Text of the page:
Na**(+) 135-145 mmol/l

Mg**(2+) 0.6-1.0 mmol/l

Cl**(-) 95-120 mmol/l

Glucose 3.5-8 mmol/l

K**(+) 3.5-5 mmol/l

Ca**(2+) 0.8-1.3 mmol/l"

IV. In its decision the opposition division held that the subject-matter of claim 1 of the main request and of auxiliary request 1 was not novel in view of documents O42 and O43.

As to claim 1 according to auxiliary request 2, a suitable starting point for the assessment of inventive step was document O37, which disclosed in table 861-1 a solution for haemofiltration. The ranges of concentrations defined in claim 1 of auxiliary request 2 were included in or overlapped with the corresponding ranges disclosed in O37. The skilled person knew that suitable fluids for haemofiltration could have been prepared working inside of the ranges of concentration disclosed in O37. The subject-matter of this request was therefore obvious.

V. The patent proprietor (appellant) lodged an appeal against that decision. With the statement setting out the grounds of appeal filed with letter of 5 June 2012, he submitted a main request and 14 sets of claims as auxiliary requests 1 to 8 and auxiliary requests 3A to 8A.

Claim 1 of the main request and claim 1 of auxiliary request 2 were identical to the corresponding claims of the main request and of auxiliary request 2 forming the basis of the decision under appeal (see III above).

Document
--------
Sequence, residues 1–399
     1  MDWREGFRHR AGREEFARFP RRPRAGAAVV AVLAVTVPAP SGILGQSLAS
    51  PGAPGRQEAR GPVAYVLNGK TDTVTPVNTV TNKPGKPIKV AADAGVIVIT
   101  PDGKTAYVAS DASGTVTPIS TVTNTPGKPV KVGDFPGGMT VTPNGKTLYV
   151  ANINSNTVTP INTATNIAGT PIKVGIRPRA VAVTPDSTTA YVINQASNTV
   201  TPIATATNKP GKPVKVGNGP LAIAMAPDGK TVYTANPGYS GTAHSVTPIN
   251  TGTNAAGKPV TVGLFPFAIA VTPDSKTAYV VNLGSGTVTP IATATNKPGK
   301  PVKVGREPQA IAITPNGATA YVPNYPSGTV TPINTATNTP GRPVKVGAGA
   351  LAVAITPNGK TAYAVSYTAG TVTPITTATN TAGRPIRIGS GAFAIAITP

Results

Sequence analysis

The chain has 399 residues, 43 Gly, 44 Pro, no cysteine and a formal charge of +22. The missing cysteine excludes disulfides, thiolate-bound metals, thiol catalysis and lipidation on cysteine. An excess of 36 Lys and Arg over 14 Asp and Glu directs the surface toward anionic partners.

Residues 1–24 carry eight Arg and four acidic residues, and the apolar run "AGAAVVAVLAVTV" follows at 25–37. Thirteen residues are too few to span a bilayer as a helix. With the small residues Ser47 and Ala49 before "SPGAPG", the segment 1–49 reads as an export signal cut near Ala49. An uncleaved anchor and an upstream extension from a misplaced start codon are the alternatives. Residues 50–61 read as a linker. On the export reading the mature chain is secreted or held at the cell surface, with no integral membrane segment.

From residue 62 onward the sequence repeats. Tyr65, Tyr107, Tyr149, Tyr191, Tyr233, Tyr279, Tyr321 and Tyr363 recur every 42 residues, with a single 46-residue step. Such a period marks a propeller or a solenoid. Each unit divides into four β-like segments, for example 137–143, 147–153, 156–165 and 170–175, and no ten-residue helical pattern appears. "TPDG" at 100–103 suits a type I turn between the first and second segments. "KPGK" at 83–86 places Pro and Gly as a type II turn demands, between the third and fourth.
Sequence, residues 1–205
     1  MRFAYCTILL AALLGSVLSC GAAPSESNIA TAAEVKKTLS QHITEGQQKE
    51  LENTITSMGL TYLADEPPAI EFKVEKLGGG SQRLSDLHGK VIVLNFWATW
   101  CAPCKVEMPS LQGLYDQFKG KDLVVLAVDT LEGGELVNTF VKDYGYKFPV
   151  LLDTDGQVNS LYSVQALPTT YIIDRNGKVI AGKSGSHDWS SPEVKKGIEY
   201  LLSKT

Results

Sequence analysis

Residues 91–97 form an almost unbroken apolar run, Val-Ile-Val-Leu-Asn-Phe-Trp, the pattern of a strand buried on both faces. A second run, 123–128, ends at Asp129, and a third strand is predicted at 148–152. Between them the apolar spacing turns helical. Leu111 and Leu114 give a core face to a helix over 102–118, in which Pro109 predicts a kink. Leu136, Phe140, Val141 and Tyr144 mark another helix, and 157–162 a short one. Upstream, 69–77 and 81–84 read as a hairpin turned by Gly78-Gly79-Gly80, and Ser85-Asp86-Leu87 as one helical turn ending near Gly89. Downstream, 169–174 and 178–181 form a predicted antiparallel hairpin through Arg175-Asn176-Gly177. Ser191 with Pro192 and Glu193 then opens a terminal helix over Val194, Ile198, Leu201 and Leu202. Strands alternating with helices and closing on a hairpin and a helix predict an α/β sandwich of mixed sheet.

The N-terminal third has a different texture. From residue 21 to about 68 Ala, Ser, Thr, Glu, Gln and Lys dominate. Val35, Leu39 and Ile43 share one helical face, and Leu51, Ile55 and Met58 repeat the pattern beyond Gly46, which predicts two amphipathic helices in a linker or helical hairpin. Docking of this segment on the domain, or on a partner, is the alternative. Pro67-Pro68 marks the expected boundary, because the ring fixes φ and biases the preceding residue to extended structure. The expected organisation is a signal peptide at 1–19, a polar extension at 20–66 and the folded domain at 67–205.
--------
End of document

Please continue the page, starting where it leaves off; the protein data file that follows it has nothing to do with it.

Claim 1 of auxiliary request 1 differed from claim 1 of the main request in that it indicated that the fluid had a physiological pH between 7.2 and 7.6.

Claim 1 of auxiliary request 3 read as follows:

"1. Fluid that comprises an aqueous solution of physiologically acceptable salts containing at least the Na**(+), Cl**(-), Mg**(2+), K**(+) and Ca**(2+) ions and glucose, all in a physiologically acceptable concentration, wherein the haemofiltration fluid contains the ions K**(+)in a concentration between 3.5 mmol/l and lower than 5.5 mmol/l and Ca**(2+) in a concentration of 0.8 to 1.3 mmol/l, and wherein the glucose concentration is between 2 and 15 mmol/l for use in haemofiltration."

Claim 1 of auxiliary request 4 differed from claim 1 of auxiliary request 3 in that it indicated that the fluid had a physiological pH between 7.2 and 7.6

Claim 1 of auxiliary request 5 was essentially based on claim 1 of auxiliary request 3 but it differed therefrom in that the concentrations of the Na**(+), Cl**(-), Mg**(2+), K**(+) and Ca**(2+) ions and glucose were defined as in claim 1 of auxiliary request 2.

Claim 1 of auxiliary requests 6, 7 and 8 was based respectively on claim 1 of auxiliary requests 3, 4 and 5, but differed therefrom in that the feature "Fluid" at the beginning of the claim was replaced by "Haemofiltration fluid" and the feature "for use in haemofiltration" was replaced by "for use in continuous veno-venous haemofiltration (CVVH)".

Claim 1 of auxiliary request 3A read as follows:

"1. Use of a composition comprising an aqueous solution of physiologically acceptable salts containing at least the Na**(+), Cl**(-), Mg**(2+), K**(+) and Ca**(2+) ions and glucose, all in a physiologically acceptable concentration, for the manufacture of a fluid containing the ions K**(+)in a concentration between 3.5 mmol/l and lower than 5.5 mmol/l and Ca**(2+) in a concentration of 0.8 to 1.3 mmol/l, and wherein the glucose concentration is between 2 and 15 mmol/l, for haemofiltration".